US airspace could be crowded with some 7,500 commercial drones within the next five years, this is part of the Federal Aviation Administration’s new roadmap unveiled on Thursday.

The announcement is the latest step toward transitioning drones from military use in the war on terrorism to collecting survey and weather data to assisting rescues and law enforcement operations.

“From advancing scientific research and responding to natural disasters to locating missing persons and helping to fight wildfires, drones can save time, save money and, most importantly, save lives,” said a statement by Michael Toscano, president and CEO of the Association for Unmanned Vehicle Systems.

“By the end of the year, we plan to choose six test sites for civil unmanned aircraft. Congress required us to do so, and we need to make sure we use these sites to obtain the best data that we can,” FF Administrator Michael Huerta said.

Michael Huerta however cautioned that there could be delays for those looking to obtain certificates to operate unmanned aircraft once regulatory guidelines are in place. He said ensuring safety in increasingly congested skies was his agency’s top priority, The Washington Post reports.

“We must fulfill those obligations in a thoughtful, careful manner that ensures safety and promotes economic growth,” he said in a speech to aerospace industry executives.

The FAA plan has also set the stage for law enforcement agencies, businesses, universities and hobbyists to begin flying drones by 2015.

The Association for Unmanned Vehicle Systems estimated that the commercial drone industry will create more than 100,000 jobs and generate more than $82 billion over the next 10 years.

The 74-page roadmap however immediately raised concerns among some privacy advocates, who say that the FAA needs to clarify how the government and private users can use video and other data from surveillance drones, and how long it can be stored. The FAA is requiring future test sites to develop privacy plans and make them available to the public. The policy also requires test site operators to disclose how data will be obtained and used.

“Make no mistake about it, privacy is an extremely important issue and it is something that the public has a significant interest and concern over and we need to recognize, as an industry, that if we are going to take full advantage of the benefits that we are talking about for these technologies, we need to be responsive to the public’s concerns about privacy,” Huerta said.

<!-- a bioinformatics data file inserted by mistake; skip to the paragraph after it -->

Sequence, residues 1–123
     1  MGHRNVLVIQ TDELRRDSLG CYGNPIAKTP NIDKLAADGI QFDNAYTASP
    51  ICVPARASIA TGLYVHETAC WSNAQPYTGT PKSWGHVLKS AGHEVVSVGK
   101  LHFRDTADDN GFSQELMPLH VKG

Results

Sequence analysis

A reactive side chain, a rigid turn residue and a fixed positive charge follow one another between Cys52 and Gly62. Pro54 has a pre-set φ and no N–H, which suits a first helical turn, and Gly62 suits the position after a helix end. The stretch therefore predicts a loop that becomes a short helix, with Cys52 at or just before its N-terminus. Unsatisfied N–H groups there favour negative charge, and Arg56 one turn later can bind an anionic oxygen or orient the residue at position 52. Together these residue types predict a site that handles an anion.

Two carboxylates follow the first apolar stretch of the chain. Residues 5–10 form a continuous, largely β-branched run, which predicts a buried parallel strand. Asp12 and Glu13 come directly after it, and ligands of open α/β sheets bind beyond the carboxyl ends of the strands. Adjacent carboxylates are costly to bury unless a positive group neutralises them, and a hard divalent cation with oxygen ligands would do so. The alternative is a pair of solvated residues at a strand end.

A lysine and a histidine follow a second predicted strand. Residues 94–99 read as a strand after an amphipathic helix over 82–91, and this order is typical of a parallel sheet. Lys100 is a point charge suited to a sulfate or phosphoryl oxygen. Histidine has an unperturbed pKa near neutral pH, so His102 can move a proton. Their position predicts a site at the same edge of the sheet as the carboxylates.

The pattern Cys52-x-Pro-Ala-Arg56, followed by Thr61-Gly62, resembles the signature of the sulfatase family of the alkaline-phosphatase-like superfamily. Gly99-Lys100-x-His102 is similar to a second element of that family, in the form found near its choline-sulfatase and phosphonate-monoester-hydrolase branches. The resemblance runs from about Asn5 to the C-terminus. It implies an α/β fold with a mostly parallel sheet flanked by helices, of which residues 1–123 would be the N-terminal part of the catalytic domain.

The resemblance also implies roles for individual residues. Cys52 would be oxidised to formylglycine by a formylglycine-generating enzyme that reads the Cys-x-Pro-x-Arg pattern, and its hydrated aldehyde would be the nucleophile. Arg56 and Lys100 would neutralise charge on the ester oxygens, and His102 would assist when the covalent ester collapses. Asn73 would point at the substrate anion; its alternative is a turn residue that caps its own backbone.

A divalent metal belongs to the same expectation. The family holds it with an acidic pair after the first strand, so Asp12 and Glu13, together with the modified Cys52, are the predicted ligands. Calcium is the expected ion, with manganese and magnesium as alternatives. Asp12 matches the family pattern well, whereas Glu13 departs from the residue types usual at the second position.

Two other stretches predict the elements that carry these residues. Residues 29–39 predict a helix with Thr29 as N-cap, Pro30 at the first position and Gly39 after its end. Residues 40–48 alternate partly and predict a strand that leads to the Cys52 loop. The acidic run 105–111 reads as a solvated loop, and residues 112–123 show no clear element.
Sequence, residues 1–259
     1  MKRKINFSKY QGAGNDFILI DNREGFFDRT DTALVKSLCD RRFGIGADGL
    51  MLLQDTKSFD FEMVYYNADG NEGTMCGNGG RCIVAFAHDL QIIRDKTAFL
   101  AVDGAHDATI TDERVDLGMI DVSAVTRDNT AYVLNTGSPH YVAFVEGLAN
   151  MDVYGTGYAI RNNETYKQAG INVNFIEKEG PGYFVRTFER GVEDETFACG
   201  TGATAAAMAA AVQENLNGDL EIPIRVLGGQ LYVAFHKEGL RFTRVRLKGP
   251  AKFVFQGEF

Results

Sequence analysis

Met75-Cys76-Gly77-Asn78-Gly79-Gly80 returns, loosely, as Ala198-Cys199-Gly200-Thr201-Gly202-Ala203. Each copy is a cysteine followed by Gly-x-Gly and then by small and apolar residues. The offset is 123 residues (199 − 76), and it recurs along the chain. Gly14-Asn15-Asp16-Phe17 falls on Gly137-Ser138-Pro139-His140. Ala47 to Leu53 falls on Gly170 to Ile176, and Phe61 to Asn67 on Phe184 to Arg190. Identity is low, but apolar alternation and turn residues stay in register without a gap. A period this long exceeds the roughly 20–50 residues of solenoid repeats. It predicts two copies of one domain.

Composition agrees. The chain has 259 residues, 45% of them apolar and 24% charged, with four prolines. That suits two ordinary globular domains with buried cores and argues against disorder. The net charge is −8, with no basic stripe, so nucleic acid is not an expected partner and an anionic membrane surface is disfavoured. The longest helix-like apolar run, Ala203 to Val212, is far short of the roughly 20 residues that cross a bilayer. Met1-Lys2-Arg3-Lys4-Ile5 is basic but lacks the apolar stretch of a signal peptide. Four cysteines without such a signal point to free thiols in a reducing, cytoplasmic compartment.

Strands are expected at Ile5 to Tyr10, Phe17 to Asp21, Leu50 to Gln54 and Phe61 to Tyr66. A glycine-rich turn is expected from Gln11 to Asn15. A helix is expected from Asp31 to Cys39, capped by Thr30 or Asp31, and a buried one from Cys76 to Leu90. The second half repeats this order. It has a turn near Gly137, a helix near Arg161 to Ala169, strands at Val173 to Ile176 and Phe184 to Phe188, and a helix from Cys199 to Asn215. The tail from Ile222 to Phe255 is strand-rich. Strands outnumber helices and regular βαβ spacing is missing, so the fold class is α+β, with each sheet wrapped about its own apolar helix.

Christopher Calabrese of the American Civil Liberties Union legislative counsel told The Washington Times that, while the FAA’s requirement for public disclosure of data and retention policies are needed and welcome, the safeguards do not go far enough.

“It’s crucial that, as we move forward with drone use, those procedural protections are followed by concrete restrictions on how data from drones can be used and how long it can be stored. Congress must also weigh in on areas outside of the FAA’s authority, such as use by law enforcement and the Department of Homeland Security, which have the ability to use drones for invasive surveillance that must be kept in check,” Calabrese said.

“People are really worried about drone use. You see it in a huge number of state bills and laws, and I think the FAA needs to understand that if they don’t address privacy issues then drones are not going to be a useful technology,” he added. “Privacy can’t be swept under the rug”.

The ACLU has also urged Congress to support laws, introduced to the House and Senate, that would require police to obtain judicial approval before using a drone.

Under a law passed in 2012, the FAA must provide for the “safe integration” of commercial drones into domestic airspace by 2015.

If passed, this legislation would require law enforcement agencies to obtain warrants before using drones to collect surveillance data on US soil.

Twenty-four states including California, Florida, Nevada, and Arizona, have already applied to host the tests.

According to the FAA, the state governments or universities that oversee the test sites must describe their policies for privacy, data use and data retention. The document released on Thursday said drone operators must “comply with federal, state, and other laws on individual privacy protection”.

Until testing is complete, the FAA said, it will grant flight privileges to unmanned aircraft operators on a case-by-case basis.

Unmanned aircraft come in many shapes and sizes. Military drones are used for surveillance or missile strikes in Afghanistan, Pakistan and the Middle East, while similar aircraft could be used domestically to monitor traffic conditions, weather patterns and assorted other things.

“In that airspace of the future, we will have new users,” Michael Huerta said. “We will have more commercial space launches, and we’ll have more unmanned aircraft systems. As you know, it requires significant consensus of how we can safely integrate game-changing technologies such as these, and I’m pleased to say we’ve made very solid progress. We are dedicated to moving this exciting new technology along as quickly and safely as possible.”